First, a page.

Denham, with dramatic flair, brings in the science skeleton and explains that it is a provable fact that it is a female but no one could know its nationality or its color. This is part of their science studies. The students are mesmerized by his presentation. He finishes with a diatribe against the current physical education curriculum, claiming it is boring and a good game would serve the purpose just as well. It is a popular sentiment and the crowd cheers.

Three teachers’ names are then randomly drawn from the panel discussion. Most of the questions come from the older students, and Braithwaite enjoys watching the proceedings. Denham continues his tirade regarding the form of exercise that students are forced to do for physical activity. Weston is unable to deal effectively with the boy’s reasoning, so Miss Phillips steps in and adroitly uses his own arguments against him. If Denham is strong enough and does not need the exercise, he should be helping others. And if he does not like the activities, doing them anyway is good preparation for a lifetime of having to do things he must do but does not particularly enjoy doing. The headmaster finally draws the meeting to a close, expressing his pride and appreciation for their efforts.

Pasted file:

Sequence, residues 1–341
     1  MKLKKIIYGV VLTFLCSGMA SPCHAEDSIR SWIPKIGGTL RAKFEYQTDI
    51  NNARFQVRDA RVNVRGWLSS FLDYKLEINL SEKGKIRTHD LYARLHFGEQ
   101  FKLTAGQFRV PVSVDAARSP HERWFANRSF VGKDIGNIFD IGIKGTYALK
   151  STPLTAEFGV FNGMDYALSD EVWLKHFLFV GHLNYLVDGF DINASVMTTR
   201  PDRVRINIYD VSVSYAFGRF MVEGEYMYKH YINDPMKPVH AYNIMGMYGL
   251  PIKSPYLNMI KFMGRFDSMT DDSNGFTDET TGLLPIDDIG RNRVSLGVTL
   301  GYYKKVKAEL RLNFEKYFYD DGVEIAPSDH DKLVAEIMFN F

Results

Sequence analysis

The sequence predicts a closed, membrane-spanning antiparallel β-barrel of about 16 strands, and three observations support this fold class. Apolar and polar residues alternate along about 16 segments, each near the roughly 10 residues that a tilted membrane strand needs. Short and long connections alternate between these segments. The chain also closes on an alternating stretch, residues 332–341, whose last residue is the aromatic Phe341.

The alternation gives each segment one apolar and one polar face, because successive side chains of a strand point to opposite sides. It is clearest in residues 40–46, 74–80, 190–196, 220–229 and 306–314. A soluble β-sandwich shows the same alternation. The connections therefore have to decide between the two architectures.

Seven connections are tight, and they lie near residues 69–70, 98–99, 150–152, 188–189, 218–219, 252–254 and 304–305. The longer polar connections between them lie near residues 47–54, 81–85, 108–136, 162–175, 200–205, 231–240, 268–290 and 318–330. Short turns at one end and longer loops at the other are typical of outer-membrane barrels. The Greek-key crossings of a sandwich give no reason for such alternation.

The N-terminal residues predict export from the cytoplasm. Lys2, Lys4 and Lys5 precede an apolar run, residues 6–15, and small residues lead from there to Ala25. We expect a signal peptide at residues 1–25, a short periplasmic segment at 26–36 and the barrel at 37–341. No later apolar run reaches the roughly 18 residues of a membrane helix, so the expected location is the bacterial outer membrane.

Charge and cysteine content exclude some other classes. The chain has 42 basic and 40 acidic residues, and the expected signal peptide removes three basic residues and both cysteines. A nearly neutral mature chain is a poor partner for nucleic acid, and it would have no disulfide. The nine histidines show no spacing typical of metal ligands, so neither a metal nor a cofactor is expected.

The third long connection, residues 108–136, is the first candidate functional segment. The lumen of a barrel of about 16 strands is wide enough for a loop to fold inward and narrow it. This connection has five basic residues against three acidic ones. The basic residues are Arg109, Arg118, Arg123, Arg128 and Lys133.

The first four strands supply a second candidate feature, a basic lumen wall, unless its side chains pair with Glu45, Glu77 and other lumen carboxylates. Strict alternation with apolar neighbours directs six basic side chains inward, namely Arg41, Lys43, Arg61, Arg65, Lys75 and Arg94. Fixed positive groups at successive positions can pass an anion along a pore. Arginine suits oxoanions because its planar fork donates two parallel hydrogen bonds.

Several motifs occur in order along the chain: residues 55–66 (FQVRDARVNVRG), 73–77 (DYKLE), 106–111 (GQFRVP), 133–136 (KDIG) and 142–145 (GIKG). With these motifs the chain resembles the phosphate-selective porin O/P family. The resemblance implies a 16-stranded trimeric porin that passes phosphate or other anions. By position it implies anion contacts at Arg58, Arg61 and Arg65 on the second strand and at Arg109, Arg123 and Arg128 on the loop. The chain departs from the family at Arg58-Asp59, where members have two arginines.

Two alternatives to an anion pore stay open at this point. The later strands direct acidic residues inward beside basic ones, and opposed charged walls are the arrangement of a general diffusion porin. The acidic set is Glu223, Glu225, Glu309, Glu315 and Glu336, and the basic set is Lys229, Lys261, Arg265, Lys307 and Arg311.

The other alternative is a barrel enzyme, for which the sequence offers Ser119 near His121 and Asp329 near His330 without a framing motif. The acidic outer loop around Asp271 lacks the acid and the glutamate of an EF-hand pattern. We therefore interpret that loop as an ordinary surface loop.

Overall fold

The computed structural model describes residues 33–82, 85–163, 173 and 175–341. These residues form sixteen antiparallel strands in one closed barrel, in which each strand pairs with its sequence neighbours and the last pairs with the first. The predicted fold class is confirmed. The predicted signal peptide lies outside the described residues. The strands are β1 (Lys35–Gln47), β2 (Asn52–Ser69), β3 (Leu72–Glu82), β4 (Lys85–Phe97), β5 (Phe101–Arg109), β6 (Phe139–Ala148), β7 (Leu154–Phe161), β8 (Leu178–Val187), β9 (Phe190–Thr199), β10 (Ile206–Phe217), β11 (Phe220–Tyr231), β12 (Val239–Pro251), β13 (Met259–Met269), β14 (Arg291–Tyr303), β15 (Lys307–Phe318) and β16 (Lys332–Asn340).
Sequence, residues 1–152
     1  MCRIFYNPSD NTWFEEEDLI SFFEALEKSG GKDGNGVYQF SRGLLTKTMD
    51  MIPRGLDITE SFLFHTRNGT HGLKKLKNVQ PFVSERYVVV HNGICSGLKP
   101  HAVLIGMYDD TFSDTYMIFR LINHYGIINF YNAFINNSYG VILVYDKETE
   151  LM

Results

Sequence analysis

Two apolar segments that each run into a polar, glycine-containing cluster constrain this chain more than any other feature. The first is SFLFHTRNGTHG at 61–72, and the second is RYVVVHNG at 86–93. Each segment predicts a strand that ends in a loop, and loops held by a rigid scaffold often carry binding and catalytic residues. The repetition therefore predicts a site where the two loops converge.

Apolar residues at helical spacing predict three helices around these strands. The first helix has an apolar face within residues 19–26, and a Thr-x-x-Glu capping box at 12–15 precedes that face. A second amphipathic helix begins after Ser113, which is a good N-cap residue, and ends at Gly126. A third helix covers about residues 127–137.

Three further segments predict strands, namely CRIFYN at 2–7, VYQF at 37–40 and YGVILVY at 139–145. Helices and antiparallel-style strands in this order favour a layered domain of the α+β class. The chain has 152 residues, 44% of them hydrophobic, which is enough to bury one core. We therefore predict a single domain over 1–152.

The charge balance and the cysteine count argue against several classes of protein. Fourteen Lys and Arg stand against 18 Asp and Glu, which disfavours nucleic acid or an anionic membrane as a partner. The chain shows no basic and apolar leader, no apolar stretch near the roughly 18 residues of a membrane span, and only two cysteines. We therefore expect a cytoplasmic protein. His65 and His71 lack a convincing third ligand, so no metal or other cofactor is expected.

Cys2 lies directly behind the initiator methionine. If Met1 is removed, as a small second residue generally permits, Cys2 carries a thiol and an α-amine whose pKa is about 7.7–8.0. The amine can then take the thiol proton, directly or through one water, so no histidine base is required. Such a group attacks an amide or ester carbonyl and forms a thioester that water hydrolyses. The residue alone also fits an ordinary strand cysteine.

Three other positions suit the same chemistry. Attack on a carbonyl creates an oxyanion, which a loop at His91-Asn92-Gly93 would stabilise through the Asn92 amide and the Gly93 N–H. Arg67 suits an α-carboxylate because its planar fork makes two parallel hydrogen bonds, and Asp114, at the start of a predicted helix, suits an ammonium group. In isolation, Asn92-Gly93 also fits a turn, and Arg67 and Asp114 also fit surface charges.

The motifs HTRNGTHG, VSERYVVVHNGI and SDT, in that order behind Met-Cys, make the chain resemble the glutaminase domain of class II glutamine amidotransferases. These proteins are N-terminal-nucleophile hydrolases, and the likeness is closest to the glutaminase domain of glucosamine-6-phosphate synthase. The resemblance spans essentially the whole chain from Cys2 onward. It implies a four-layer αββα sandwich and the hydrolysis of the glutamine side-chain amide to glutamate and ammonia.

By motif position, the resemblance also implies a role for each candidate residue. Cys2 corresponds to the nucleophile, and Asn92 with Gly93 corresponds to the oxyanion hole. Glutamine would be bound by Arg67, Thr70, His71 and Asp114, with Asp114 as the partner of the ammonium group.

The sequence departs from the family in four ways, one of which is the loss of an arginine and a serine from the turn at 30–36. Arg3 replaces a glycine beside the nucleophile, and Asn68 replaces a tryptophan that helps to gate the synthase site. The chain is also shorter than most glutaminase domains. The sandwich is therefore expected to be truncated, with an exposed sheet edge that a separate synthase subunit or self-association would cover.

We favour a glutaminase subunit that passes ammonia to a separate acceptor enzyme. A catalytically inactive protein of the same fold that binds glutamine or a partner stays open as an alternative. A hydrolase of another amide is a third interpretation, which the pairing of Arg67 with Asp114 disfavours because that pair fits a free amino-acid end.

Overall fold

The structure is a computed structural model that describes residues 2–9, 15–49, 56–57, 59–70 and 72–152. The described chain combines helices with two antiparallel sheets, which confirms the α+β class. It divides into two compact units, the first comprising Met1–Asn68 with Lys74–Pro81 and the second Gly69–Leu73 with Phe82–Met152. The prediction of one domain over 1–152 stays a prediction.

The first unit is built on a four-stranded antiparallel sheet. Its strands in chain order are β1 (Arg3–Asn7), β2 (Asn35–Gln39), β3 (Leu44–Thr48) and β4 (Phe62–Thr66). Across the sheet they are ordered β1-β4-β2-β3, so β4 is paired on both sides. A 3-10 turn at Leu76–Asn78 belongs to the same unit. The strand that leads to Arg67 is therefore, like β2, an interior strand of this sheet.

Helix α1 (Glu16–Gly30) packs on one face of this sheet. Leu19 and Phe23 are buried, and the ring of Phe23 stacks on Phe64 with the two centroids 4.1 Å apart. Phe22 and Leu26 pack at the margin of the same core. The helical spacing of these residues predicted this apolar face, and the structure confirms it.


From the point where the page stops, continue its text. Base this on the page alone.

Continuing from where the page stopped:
Chapter 18

Thursday is Gillian’s birthday. Braithwaite bought her a book of poetry that he is planning to give to her during lunch on her birthday. On Tuesday, she comes to his classroom and asks to speak to him. As usual, he is surrounded by a group of students, and they whisper and giggle as he excuses himself to go see Gillian. She tells him she has made reservations for a special meal at an elegant restaurant to celebrate her birthday after they go to a movie. When he comes back into the room, his students are full of questions and speculations. Pamela is the only one who remains aloof from the conversation.